Published on Sustainable Cities

How to make urban hills safer: Cross-city dialogue on landslide risk management

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City of Sarajevo City of Sarajevo

Cities are at the forefront of understanding risks and devising ways to manage them.  Cities worldwide are grappling with the impacts of climate change. Extreme weather events are on the rise, putting dense urban centers with their high concentrations of people and capital, in the line of fire. Cities, however, also hold one of the keys to protecting citizens from their impacts and creating safer environments – to keep them thriving.

Consider Sarajevo and Hiroshima – two cities, in seemingly disparate parts of the world. Yet, they share many parallels. They’ve both bounced back from the devastating impacts of war and face similar geographical challenges with their majority mountainous terrain. Their residential areas have expanded into hilly lands susceptible to landslides. Recognizing these similarities, officials from both cities joined hands to exchange knowledge on managing landslide risks.

Understanding the risks

Sarajevo, the capital city of Bosnia and Herzegovina, confronts growing development pressures in hilly urban areas. The Canton of Sarajevo houses close to 1/8th of the country’s population while mountainous terrains occupy over 60% of the territory. Sarajevo is no stranger to managing landslide risks. But challenges remain, including stemming construction in high-risk hilly areas.

Meanwhile, Hiroshima, the 10th most populated city located in western Japan has over 80% of its land covered in hills and mountains. Since the 1950s, early settlements in valleys developed along the hilly slopes, away from the flood plain of the Ohta River, where flood protection was not fully implemented. The rapid population increase in the 1970s brought with it further expansion into hilly suburbs. Recognizing the danger, Hiroshima demarcated zones in the mountains above which construction was prohibited. At the same time, a flood embankment was installed to make the low-lying areas safer, turning farmlands near the river into new residential areas. But even with these regulations, Hiroshima wasn't immune to natural hazards, as the devastating mudflows in 2014 demonstrated. Consequently, the city has been diligent in its risk mitigation efforts against landslides and mudflows.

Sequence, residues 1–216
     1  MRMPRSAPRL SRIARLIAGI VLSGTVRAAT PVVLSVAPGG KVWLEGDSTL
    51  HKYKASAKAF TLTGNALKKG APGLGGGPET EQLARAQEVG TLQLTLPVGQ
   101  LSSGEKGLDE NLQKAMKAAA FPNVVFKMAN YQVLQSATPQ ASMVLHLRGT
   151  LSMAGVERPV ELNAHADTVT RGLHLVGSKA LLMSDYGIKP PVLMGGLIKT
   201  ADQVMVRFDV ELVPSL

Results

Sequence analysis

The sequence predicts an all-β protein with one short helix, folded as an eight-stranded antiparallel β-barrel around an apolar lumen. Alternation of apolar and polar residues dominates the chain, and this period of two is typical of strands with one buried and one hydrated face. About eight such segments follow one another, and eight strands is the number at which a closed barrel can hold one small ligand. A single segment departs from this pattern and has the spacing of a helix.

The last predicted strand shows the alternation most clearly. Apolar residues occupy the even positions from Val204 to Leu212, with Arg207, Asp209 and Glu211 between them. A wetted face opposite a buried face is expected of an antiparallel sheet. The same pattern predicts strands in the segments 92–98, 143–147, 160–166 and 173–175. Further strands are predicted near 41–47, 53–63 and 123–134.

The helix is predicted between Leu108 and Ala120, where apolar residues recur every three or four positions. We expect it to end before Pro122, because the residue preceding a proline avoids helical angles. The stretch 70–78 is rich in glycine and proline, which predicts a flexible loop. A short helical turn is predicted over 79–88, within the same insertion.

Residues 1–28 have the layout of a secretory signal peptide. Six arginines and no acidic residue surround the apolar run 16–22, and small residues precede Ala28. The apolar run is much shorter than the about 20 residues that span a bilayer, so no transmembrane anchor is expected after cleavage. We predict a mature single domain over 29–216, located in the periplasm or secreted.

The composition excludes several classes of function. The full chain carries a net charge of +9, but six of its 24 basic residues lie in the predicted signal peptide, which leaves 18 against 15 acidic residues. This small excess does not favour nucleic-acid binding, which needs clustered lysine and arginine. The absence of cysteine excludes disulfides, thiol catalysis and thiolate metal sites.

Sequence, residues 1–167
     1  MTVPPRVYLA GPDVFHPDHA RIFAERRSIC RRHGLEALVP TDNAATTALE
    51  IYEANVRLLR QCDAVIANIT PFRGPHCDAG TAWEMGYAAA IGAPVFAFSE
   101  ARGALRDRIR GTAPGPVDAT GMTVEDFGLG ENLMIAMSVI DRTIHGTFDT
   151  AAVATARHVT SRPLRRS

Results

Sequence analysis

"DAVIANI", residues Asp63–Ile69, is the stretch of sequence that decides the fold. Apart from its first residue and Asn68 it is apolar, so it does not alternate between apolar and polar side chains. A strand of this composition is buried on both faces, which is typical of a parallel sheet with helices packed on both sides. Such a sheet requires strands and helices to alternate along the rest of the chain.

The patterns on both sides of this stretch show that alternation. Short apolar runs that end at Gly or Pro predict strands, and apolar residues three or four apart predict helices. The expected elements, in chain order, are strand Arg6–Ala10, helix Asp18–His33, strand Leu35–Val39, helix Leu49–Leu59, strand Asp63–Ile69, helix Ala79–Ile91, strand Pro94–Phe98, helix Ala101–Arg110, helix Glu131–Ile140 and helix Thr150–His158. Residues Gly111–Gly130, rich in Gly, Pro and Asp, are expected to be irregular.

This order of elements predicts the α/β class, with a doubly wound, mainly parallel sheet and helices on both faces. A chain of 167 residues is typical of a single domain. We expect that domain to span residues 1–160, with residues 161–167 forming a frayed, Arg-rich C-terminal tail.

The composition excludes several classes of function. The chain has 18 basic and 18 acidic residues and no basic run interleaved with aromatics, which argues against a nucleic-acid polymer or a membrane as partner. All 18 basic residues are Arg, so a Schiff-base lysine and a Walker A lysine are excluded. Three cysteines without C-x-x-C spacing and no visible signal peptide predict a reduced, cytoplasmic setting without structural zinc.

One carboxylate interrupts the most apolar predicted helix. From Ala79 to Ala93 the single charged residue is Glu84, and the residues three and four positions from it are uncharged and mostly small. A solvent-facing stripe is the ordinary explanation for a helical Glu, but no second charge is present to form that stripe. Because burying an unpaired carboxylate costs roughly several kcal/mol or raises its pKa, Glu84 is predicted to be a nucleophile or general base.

After a series of initial discussions with Japanese stakeholders, the City of Hiroshima was identified as the best city to share knowledge and experience on landslide risk management. A virtual dialogue was organized with support of the World Bank's Global Facility for Disaster Reduction and Recovery (GFDRR) and its Tokyo DRM Hub through the Japan-World Bank Program for Mainstreaming Disaster Risk Management in Developing Countries, and the Tokyo Development Learning Center, which recently welcomed Hiroshima as the 7th city in its City Partnership Program.


Combining hard and soft measures

The virtual dialogue highlighted comprehensive approaches to landslide risk management with a focus on soft measures. In Japan, the legal and institutional framework pertaining to landslide risk management is set by the national government, while the local governments lead the implementation of the policy. Based on risk assessment of areas susceptible to geohazards (including landslides, mudflows, and slope failures), the key to protecting lives lies in combining hard infrastructure with non-structural measures , like risk-informed zoning, hazard mapping, development permit, inspection, risk awareness, and training.